A Delaware court is taking a new approach to dealing with heroine addiction – sentencing those that have committed drug-related crimes to a treatment program rather than a stretch behind bars.
The Delaware Daily Times writes that authorities in Montgomery County have established an innovative new Drug Court Program, designed to tackle the problems of heroin addiction through treatment rather than prison. Offenders brought before the court can be sentenced to intense rehabilitation and treatment programs which, if completed successfully, can lead to any charges being quashed.
The Program runs for a minimum of 15 months, with some addicts participating for up to three years from their referral. It is not compulsory, but statistics show a growing number of those offered treatment are choosing and completing that option.
Those that participate receive treatment alongside encouragement and support to transition back into normal society. With over 53% of prisoners reoffending on release from prison, the program is expected to improve the rate of recurring crime while building better lives for the addicts involved.
“The treatment process is kept under close review by the courts, and a panel of medical, legal and probation representatives meet to discuss progress on a regular basis. A large, large number of economic crimes can be prevented by treating people and helping them find their way to sobriety,” said one representative of the program, which focuses specifically on achieving reduced rates of reoffending and rehabilitation.
The courts offer the program as an alternative to incarceration and supervision orders. Unlike private rehab treatments, which will only be funded so far by insurance providers, treatment is offered on an inpatient basis for as long as it takes to return the offender to a drug-free, clean lifestyle. The final phase involves a supported transition back into daily life, meaning treatment and support for the addict at every step.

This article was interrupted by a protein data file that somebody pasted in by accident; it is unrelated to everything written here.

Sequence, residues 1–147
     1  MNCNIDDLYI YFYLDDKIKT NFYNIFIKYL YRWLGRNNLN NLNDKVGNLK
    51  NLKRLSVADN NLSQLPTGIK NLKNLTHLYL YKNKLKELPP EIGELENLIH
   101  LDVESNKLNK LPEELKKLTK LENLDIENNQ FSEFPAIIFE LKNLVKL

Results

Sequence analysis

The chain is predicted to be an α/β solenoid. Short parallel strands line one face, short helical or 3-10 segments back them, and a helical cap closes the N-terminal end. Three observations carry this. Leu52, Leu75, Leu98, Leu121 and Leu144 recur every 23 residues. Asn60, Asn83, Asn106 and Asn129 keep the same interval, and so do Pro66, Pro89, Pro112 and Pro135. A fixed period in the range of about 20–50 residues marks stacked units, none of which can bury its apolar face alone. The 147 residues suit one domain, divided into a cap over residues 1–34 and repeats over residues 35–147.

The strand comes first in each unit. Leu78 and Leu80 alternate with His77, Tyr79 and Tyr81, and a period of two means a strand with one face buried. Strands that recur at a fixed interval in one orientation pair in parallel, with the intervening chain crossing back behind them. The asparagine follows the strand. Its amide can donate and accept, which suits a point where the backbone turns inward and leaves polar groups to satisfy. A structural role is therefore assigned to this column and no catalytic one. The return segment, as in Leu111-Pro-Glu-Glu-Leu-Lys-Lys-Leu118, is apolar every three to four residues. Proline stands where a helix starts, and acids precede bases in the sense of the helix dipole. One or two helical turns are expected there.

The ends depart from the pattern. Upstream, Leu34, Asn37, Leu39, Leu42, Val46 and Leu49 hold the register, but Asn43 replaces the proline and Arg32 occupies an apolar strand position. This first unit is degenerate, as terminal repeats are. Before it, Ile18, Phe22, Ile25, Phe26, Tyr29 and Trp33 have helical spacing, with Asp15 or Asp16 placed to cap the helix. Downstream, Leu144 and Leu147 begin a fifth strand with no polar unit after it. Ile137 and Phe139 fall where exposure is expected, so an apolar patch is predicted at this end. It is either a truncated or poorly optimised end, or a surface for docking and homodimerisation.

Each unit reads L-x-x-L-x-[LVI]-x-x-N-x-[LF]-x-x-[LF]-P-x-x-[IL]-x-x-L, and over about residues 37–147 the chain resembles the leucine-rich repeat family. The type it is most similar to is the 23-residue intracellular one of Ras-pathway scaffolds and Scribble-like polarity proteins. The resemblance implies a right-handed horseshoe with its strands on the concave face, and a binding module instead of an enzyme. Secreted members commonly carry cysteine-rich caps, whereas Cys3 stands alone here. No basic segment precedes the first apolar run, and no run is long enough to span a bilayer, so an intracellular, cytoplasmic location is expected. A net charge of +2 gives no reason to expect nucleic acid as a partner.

It’s a radical approach, and one many addiction professionals are seeing as an encouraging step. The Valley Hope Association, which operates drug recovery centers nationwide, said that new approaches like this could make a real difference to reoffending and help addicts get better.
“Treating addicts through the jail system can be a disruptive and unhelpful approach. Recognizing addiction as an illness and treating it as a health issue can remove the threat of reoffending altogether, and provide addicts with a better chance of rebuilding their lives.”
It’s not only the victims of crime and their families that suffer from ill-advised drug policy. The addicts themselves suffer, in addition to the whole of society in absorbing the costs of crime, punishment and treatment.
While prisons can provide rehabilitation and support for drug and alcohol dependency, they can create additional social problems for addicts. Isolation from support networks on the outside and underlying health and addiction problems can quickly lead to a spiral of reoffending with a very human cost.
Treatment and rehabilitation are proven to be more effective than straight punishment. Statistics from Sweden and Denmark, where this type of treatment program is more common, show that these schemes have a net positive effect on both addiction and reoffending rates. With Delaware blazing the trail, there’s no reason we can’t be next to see these improvements.